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Workplace pensions: the clock is ticking for SMEs

Archive for October, 2014

Workplace pensions: the clock is ticking for SMEs

Friday, October 31st, 2014

pension-clock-red-text-31707942Nearly 4.5m people have now been automatically enrolled in a workplace pension, but the Pensions Regulator is worried about what happens next.

If you are an employer, the first fact you need to know about the auto-enrolment process for your business is your staging date; the date when you must have a suitable workplace pension arrangement in place, along with all the supporting administration.

Staging dates are determined firstly by your PAYE scheme size in April 2012 and secondly, from June 2015 onwards for employers with scheme sizes of less than 30, by PAYE reference numbers.  The first staging date was 1 October 2012 and the last, for new employers between July and September 2017, does not occur until 2018. So far it has only been large and medium-sized (60 or more employees) employers who have reached their staging dates. As a result, the 4.5m figure relates to fewer than 30,000 employers. In the next two years, as smaller employers reach their staging dates, the numbers of businesses (as opposed to employees) will soar. The graph below, published by The Pensions Regulator (TPR), makes the point.

Last month TPR issued a warning to small businesses to check their staging dates. This was prompted by research undertaken by the regulator which showed that nearly one in five small (5-49 workers) did not know their staging date, while among micro employers (1-4 workers), almost half were unaware. Even those who claimed to be aware of their staging dates were not that knowledgeable: only 43% of small employers and 28% of micro employers had dates that matched TPR’s own records.

The regulator says that businesses should start planning for automatic enrolment a year before their staging date. Given the surge in numbers that is due in the final quarter of 2015/16, an earlier start may be wise to avoid the inevitable rush.  If your business has done nothing about auto-enrolment yet, why not start talking to us now and, at a minimum, draw up a timetable for action?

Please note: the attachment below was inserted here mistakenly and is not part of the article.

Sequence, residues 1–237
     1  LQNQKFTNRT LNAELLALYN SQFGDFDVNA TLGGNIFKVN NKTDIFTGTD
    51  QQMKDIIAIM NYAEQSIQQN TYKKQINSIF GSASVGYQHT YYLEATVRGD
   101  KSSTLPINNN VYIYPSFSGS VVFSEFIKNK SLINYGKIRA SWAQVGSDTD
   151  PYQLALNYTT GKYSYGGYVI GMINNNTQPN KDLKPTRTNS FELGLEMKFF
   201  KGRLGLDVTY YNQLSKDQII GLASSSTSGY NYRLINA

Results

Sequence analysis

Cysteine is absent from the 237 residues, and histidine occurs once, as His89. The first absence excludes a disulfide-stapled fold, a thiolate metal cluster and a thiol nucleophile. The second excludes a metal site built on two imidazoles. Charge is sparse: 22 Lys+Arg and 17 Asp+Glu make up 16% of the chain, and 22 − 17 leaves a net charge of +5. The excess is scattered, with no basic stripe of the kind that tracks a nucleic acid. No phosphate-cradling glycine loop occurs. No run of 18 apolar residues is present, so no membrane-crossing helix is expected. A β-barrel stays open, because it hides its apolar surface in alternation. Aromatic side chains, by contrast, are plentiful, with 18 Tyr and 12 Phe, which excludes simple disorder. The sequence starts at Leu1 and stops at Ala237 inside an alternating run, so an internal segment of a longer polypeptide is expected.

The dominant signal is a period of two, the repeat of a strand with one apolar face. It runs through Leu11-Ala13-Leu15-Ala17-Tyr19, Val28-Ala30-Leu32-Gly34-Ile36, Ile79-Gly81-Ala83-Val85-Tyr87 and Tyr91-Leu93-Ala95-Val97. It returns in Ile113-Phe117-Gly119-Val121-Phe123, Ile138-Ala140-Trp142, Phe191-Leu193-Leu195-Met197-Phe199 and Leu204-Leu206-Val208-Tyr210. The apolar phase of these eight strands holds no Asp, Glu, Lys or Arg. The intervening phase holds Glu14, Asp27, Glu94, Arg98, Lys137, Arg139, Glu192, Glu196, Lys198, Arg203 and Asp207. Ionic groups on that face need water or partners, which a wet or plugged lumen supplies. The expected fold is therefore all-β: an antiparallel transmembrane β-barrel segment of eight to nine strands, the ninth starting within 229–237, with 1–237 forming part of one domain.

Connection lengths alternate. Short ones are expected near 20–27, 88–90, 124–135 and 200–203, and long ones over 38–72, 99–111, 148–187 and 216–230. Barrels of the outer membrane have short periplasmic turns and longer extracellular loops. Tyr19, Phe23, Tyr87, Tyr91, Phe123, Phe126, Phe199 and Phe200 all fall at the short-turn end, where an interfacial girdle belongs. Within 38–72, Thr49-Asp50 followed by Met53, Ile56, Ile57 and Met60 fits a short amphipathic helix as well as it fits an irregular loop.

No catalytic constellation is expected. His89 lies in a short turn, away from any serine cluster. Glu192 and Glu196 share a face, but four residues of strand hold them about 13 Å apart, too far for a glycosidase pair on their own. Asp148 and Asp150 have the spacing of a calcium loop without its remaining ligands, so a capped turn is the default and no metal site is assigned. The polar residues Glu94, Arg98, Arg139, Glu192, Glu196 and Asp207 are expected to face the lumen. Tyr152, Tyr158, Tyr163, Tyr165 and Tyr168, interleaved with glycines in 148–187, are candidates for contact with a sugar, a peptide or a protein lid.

The value of investments can go down as well as up and you may not get back the full amount you invested. Past performance is not a reliable indicator of future performance

(N)ISAS and lack of interest

Friday, October 31st, 2014

HMRC have published details of ISA investments for the last tax year and they tell a strange story.

ISAs, which became NISAs on 1 July 2014, have long been popular with savers, as the graph below demonstrates.

ISA graph

 

Source: HMRC Equity ISAs numbers include insurance ISAs before 2005/06

What is surprising is the heavy bias towards cash ISAs, despite the miserable, often sub-inflation, interest rates that have prevailed in recent years. While the amount invested in stocks and shares ISAs is not much increased from the level in the year ISAs were born, cash ISA contributions have more than tripled. However, in 2013/14 the new contributions to cash ISAs fell by about 5% and the number of contributors dropped by about 10%. Stocks and shares ISAs saw corresponding increases of 12% and 2%.

This might be a sign that ISA savers are growing more aware of the smallness of cash ISA tax benefits. Take, for example, the National Savings & Investments Direct NISA, which has one of the top instant access rates at 1.5%. Invest the maximum in 2014/15 of £15,000 – more than double last tax year’s maximum – and, if you are a higher rate taxpayer, your annual tax saving is just £90.  The same amount invested in a stocks and shares NISA holding a typical corporate bond fund yielding 3.5% gives a tax saving of £210.

One of the arguments for not choosing a stocks and shares ISA used to be that it was impossible to switch a cash ISA at a later date (although the opposite move was available). Since the arrival of NISAs on 1 July 2014, transfers between cash and stocks and shares have been possible in either direction.

If you hold cash NISAs, there are two things to do now:

  • Check the interest rates you are being paid. Providers have been cutting NISA rates of late and if you have a chart-topping NISA from a few years ago, you could find it is now paying no more than 0.5%.

 

  • Talk to us about your NISA options. It may be better for you to pay tax on deposit interest and shelter your investment income and gains in a NISA.

 

The value of tax reliefs depends on your individual circumstances. Tax laws can change. The value of your investment can go down as well as up and you may not get back the full amount you invested. Past performance is not a reliable indicator of future performance. Investing in shares should be regarded as a long-term investment and should fit in with your overall attitude to risk and financial circumstances.